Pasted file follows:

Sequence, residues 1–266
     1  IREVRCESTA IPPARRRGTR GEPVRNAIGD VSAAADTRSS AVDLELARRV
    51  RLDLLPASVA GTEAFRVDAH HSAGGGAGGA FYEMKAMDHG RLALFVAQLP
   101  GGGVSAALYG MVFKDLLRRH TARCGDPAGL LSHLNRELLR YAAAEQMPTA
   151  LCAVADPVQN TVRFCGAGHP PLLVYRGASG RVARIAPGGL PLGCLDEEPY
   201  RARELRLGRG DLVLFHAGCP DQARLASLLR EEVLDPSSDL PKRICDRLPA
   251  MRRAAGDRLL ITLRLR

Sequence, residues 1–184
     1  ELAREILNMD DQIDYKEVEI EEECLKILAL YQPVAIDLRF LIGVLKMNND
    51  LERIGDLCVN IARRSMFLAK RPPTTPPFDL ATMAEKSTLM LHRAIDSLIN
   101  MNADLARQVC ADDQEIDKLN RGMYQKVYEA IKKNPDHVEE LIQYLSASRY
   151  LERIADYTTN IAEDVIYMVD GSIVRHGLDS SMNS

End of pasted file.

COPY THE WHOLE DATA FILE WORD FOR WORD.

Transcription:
Sequence, residues 1–266
     1  IREVRCESTA IPPARRRGTR GEPVRNAIGD VSAAADTRSS AVDLELARRV
    51  RLDLLPASVA GTEAFRVDAH HSAGGGAGGA FYEMKAMDHG RLALFVAQLP
   101  GGGVSAALYG MVFKDLLRRH TARCGDPAGL LSHLNRELLR YAAAEQMPTA
   151  LCAVADPVQN TVRFCGAGHP PLLVYRGASG RVARIAPGGL PLGCLDEEPY
   201  RARELRLGRG DLVLFHAGCP DQARLASLLR EEVLDPSSDL PKRICDRLPA
   251  MRRAAGDRLL ITLRLR

Sequence, residues 1–184
     1  ELAREILNMD DQIDYKEVEI EEECLKILAL YQPVAIDLRF LIGVLKMNND
    51  LERIGDLCVN IARRSMFLAK RPPTTPPFDL ATMAEKSTLM LHRAIDSLIN
   101  MNADLARQVC ADDQEIDKLN RGMYQKVYEA IKKNPDHVEE LIQYLSASRY
   151  LERIADYTTN IAEDVIYMVD GSIVRHGLDS SMNS